“A ‘startup’ is a company that is confused about –
- What its product is.
- Who its customers are.
- How to make money.”
– Dave McClure
Starting a business is exhilarating. The fundamental truth about the startup is, having a unique product is not enough to keep a business going. You have to sell the product and to do that you have to show the potential buyer the value of what you are selling. Without marketing, no one will know your business exists –and if customers don’t know you’re there, you won’t make any sales.
Simply put, startup marketing is a unique challenge often times because of the limited resources, whether it’s time, money or talent. Sometimes the best strategies are the simplest. Marketing your startup in today’s competitive business economy is undoubtedly difficult, but there are steps you can take to make sure your startup gets a fighting chance at success. Successful startup marketing requires that you have both a great product and great marketing.
Every startup is unique, so we won’t discuss tactical methods in great detail. The strategy we recommend is to simply build a product worth recommending. If every single user recommends two new users, you have exponential growth.
Focus on Target Customer
It’s easy for startup founders to believe the whole world will love their products. After all, founders eat, sleep and breathe their products. The reality is that only a small portion of the population is interested in your product. If you try to market your startup to everyone, you waste both time and money. The key is to identify a niche target market and go after market share aggressively.
Staying focused will help you reach your target customer more efficiently, and it is a better use of your limited resources.
Leverage Social Media
There is an incredible burden on startups to maximize marketing budget without compromising quality.
Social media is great and necessary. Social media is an inexpensive, far-reaching way to attract attention. Signing up for most platforms is free and easy. And once you’re online, you can reach millions of people on the Internet with your message. This provides you with almost unlimited possibilities — something you won’t find anywhere else in the marketing realm.
The reason it’s so effective is that it is where people spend most of their time now. It allows you to get in front of peoples faces in a much more effective way as credible sources of information. People trust things that are shared among friends. It allows you interaction with your customers.
Incentivize People to Share
Most people will not go out of their way to give you a “like”. Give people in your target market incentives to connect with you socially online, and they will.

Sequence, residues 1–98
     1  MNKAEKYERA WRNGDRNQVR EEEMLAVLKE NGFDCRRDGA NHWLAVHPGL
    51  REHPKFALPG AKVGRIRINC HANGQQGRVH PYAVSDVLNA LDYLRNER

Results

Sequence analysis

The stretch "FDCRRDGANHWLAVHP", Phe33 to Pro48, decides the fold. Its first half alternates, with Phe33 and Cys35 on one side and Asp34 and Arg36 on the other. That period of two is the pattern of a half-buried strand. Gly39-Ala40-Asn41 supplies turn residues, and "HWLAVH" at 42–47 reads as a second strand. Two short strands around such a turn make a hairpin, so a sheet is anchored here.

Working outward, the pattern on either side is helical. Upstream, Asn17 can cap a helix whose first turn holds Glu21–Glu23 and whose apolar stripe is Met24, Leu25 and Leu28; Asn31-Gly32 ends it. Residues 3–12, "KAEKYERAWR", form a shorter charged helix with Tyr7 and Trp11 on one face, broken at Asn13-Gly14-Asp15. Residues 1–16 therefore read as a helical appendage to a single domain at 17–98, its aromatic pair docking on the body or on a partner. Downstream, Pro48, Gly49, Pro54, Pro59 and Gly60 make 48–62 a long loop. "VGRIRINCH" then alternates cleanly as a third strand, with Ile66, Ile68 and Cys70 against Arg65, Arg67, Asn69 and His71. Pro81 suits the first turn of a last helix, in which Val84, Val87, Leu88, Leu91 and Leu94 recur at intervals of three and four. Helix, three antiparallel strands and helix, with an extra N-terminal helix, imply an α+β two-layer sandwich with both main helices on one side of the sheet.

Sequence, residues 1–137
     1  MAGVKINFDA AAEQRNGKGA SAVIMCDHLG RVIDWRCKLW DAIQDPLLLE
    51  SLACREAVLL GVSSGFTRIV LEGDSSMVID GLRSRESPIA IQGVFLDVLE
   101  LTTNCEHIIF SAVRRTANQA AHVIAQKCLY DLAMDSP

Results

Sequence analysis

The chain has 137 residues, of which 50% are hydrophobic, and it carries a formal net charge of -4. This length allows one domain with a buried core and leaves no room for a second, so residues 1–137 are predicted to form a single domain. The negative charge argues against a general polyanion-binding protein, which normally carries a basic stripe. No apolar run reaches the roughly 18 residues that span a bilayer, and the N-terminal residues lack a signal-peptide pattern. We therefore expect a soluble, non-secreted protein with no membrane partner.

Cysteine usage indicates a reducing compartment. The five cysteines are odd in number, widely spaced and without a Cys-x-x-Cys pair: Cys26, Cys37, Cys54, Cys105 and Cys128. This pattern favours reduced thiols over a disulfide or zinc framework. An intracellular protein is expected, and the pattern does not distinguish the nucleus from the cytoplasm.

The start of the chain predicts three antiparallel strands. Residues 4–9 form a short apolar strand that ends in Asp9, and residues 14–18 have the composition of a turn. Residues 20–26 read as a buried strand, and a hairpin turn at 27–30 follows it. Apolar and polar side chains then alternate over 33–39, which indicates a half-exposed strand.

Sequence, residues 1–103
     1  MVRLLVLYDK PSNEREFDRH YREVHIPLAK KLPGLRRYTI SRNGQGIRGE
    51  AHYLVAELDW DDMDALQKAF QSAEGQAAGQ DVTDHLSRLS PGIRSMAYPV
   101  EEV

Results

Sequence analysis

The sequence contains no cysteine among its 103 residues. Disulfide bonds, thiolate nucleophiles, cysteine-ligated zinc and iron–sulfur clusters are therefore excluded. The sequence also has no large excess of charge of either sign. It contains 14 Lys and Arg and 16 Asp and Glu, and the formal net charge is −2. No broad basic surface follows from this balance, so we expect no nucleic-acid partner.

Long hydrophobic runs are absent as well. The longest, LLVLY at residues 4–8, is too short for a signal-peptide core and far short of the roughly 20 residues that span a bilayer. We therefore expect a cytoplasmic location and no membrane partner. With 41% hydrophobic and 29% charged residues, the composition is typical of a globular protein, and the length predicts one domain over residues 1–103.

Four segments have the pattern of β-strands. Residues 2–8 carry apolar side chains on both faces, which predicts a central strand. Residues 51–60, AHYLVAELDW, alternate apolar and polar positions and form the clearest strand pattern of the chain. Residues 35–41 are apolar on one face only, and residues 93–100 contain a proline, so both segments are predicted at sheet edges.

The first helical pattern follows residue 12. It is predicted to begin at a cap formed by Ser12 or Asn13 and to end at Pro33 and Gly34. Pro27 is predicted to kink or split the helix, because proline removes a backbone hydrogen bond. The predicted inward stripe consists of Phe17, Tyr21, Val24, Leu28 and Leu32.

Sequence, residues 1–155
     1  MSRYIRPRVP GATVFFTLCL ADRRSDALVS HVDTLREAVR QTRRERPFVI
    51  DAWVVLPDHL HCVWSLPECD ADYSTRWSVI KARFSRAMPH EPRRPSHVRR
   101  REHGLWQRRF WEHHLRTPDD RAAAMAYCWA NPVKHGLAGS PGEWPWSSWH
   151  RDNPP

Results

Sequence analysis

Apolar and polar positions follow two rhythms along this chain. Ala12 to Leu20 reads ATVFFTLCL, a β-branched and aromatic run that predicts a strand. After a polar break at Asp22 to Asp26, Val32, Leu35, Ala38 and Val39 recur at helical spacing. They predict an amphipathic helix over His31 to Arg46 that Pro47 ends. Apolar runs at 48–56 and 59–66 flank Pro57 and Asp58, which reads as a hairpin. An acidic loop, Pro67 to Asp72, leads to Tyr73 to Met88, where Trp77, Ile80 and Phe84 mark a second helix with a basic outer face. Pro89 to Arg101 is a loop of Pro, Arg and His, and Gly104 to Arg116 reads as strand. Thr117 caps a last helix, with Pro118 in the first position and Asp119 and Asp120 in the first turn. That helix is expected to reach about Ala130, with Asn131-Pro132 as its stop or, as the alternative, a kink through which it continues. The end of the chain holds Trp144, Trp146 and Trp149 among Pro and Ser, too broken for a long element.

If you want people to talk about your product or service, there’s nothing quite like giving them an incentive to do so, but how do you motivate your consumer? To get your actual consumers to follow you online, you need to give them good reason. Offer an immediate discount for tweeting about your product or service, or ask them to post about it on Facebook. Or, in exchange for “liking” your company — maybe they could receive some additional perk. ￼ Generally speaking, the better your offer, the more takers you’ll get.
Match your incentive with your ask. Ideally, your prize can also work to market your products, service or business image.
Use Trial and Error
“Enlightened trial and error” is the mantra of renowned design firm IDEO, and embodies the idea of not being afraid to fail often in order to succeed sooner.
When coming up with marketing strategies, embrace the process of trial and error. Carefully watch the results of the initiative, and if it works, don’t be complacent. It’s easy and more tempting to not improve when something is working. To discover a more efficient and innovative approach along the way, you have to be willing to fine tune your current strategy.
If it doesn’t work, tweak it, try again, and drop it if it ultimately doesn’t work. Mistakes are inevitable in business. It’s these mistakes that allow you to tweak your marketing to be more effective in the future. Keep in mind that what works for one business may not work for yours (and vice versa).
The most important asset for any startups is to be told what needs improving, and have an agile system for making those improvements. For early-stage startups, feedback is more important than customers. The faster you can resolve customer objections, and the more scope you have to improve the product to match market demand.
“What do you need to start a business? Three simple things: know your product better than anyone. Know your customer, and have a burning desire to succeed.” – Dave Thomas